The Splash Page: “Dark Phoenix” is a dull, disappointing dud


Samuel Reece, Contributing Writer

“Dark Phoenix,” the latest film in 20th Century Fox’s long-running X-Men franchise, is not worth seeing. I’m not sure it is even really worth talking about, even as a cautionary tale or a case study of a franchise gone bad. What “Dark Phoenix” deserves is to be forgotten, a footnote in the history of the first big superhero movie franchise.

In the 1990s, the X-Men were the biggest name in Marvel comic books. In those days, the Avengers were relaunched—twice—in simplified continuities, the second time as the “Ultimates,” because the name “Avengers” was seen as just not bankable enough, according to Christian Holub at Entertainment Weekly. The X-Men were the big A-list team in the Marvel Universe, popular enough not to get relaunched, and worth 20th Century Fox’s investment in the rebirth of the superhero movie, a genre killed in the early ‘90s by Warner Brothers’ failures with the last drops in the Batman and Superman franchises. It’s almost strange to look back at that time now, when Disney, Marvel’s parent company, has just bought Twentieth Century Fox and the rights to the X-Men movies. It’s strange to look back at that time, too, because “Dark Phoenix” is such a product of the old-fashioned X-Men franchise. It seems like a relic in the era of “Avengers: Endgame” and “Shazam!”

So much of “Dark Phoenix” is a rehash of something we’ve seen before that it feels stale from moment one. In fact, this movie is a re-telling of the “Dark Phoenix Saga,” one of the best-regarded stories in all of comic books, and also the source material for 2006’s “X-Men: The Last Stand,” a film that was regarded so poorly that it led to the prequel-reboot of 2011’s “X-Men: First Class” and its timeline-changing sequel “X-Men: Days of Future Past.” “Dark Phoenix” manages to neither learn from the mistakes of “The Last Stand” nor from the successes of “First Class.” From the former, it takes a fascination with long red coats instead of the iconic costume of Phoenix and a story focused on the changing personality of Jean Grey as she becomes overwhelmed with power, instead of her corruption coming from the cosmic alien force of the comic books. We do get a version of the Phoenix Force, but it is ill-defined and for much of the movie takes the form of a cloud that looks suspiciously like the last cosmic-force-turned-space-dust-villain, Galactus, from Fox’s previous superhero debacle, “Fantastic Four: Rise of the Silver Surfer.” Seemingly encountered for the first time in this film, the appearance of the Phoenix Force in the climax of the last film is never addressed. We also get alien villains in “Dark Phoenix,” but they are both dreadfully dull and take human forms except when standing in deep shadows, and if rumors are to be believed, are name-swapped Skrulls, a race of shape-changing aliens already brilliantly adapted for the big screen earlier this year in Marvel’s “Captain Marvel.”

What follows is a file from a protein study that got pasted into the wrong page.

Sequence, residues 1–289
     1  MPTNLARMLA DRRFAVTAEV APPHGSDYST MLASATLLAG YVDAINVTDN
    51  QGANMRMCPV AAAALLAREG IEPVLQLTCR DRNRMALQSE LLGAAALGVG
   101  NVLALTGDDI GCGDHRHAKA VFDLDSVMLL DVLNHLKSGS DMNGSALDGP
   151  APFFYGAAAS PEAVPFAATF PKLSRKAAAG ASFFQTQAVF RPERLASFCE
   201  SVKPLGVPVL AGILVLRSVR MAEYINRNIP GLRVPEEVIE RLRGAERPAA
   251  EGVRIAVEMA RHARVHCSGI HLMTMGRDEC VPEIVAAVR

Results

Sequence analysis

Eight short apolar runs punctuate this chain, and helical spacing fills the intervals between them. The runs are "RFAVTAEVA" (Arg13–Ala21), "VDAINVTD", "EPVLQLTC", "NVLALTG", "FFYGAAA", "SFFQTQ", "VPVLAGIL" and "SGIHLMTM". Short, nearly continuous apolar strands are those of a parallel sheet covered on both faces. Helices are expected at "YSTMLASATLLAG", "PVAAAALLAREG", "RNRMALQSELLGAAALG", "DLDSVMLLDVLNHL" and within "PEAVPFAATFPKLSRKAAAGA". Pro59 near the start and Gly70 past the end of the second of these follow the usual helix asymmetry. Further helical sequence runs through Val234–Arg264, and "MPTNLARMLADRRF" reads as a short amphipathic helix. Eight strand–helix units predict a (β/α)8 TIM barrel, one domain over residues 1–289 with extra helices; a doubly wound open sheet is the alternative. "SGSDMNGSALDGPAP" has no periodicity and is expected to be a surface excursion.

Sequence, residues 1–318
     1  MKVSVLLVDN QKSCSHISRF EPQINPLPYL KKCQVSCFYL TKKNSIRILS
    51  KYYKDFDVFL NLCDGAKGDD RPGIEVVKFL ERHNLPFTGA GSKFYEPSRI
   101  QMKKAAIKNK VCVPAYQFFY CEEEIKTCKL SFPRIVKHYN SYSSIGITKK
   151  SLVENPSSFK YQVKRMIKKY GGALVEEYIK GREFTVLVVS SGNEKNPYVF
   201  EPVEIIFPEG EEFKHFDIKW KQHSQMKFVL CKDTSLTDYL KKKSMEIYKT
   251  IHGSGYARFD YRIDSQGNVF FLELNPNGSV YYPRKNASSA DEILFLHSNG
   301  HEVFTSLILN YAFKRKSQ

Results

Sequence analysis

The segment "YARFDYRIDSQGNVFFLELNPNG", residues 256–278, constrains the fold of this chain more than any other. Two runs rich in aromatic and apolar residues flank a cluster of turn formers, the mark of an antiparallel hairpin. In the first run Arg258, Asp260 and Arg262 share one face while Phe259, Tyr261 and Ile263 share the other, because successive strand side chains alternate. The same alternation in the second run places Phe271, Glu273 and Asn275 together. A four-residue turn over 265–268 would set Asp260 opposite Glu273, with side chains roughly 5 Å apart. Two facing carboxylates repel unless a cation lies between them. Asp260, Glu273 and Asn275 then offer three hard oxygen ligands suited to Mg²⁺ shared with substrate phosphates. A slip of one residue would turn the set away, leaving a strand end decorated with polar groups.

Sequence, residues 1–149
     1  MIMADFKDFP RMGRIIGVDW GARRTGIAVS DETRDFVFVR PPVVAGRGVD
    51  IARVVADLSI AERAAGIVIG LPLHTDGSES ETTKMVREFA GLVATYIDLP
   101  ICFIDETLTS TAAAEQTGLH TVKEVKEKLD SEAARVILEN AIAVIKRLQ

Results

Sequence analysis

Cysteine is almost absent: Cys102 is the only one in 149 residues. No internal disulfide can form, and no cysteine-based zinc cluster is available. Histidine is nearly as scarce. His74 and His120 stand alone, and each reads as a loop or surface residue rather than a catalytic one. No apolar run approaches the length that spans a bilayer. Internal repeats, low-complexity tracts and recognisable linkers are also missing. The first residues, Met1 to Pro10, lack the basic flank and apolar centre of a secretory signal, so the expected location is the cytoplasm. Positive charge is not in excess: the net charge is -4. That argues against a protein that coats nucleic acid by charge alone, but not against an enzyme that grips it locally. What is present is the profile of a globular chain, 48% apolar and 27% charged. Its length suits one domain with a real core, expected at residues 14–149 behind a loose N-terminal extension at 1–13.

From “First Class,” we get a cast who once had promise, but now come across as tired. The conflict between the ideologies of Magneto and Professor X was already old in 2006, and by this, the 7th “X-Men” film proper (not counting the three “Wolverine” movies and the two “Deadpool” flicks), there is nothing more boring than watching the two refer to each other as “old friends” as they play chess. A chief frustration in each of the four “X-Men” films starring this younger cast has been the insistence on setting each film a decade apart, leading not only to ridiculous age discrepancies (is Michael Fassbender really supposed to be 62? Is 29-year-old Nicholas Holt supposed to be in his mid-to-late 50s?), but also to a constant need to catch us up to speed. Every film in this series feels like a stealth reboot: “First Class” introduced a whole new team of X-Men in the 1960s, “Days of Future Past” changed the timeline and wiped away the first three X-Men films, “X-Men: Apocalypse” introduced a new cast of young heroes who were overlooked for a rehash of the Xavier/Magento story, and this film expects the audience to care about relationships and characters that were hinted at in the last film but never properly given time to mature before they are ripped apart. Jean Grey, our focal character, is acting “different,” though without any real introduction it is impossible to tell how exactly she was supposed to be acting before. The events of the last ten years boil down to a decade of vaguely defined superheroics, but the ten years our heroes have seemingly served together are never mentioned, and their team is split up before they can be fleshed out.

“Dark Phoenix” is a disappointment, full of fights shot in the dark that lead nowhere, characters who just say what they are feeling and a story worthy of not much more than the mid-season finale of a network TV series. In a year with “Captain Marvel,” another film set in the 1990s about shape-changing alien invaders searching for a mysterious power source and a female hero who learns to claim her cosmic energy powers, “Dark Phoenix” feels just plain dull. Action sequences boil down to magnetism (visually represented as Michael Fassbender straining his face and waving his hands) vs. telekinesis (visually represented as Sophie Turner straining her face and waving her hands.) Think of “Endgame” or “Shazam!,” movies with long fight sequences that focus on characters and plot points developed through action. There’s none of that here.

It’s a good thing that Marvel Studios has the rights to the X-Men again. It’s a good thing that it appears that we won’t be getting an X-Men film anytime soon, and when we do, it will be with a fresh take from the people who made Spider-Man good again after three disappointing films. My advice? Forget this film was ever made.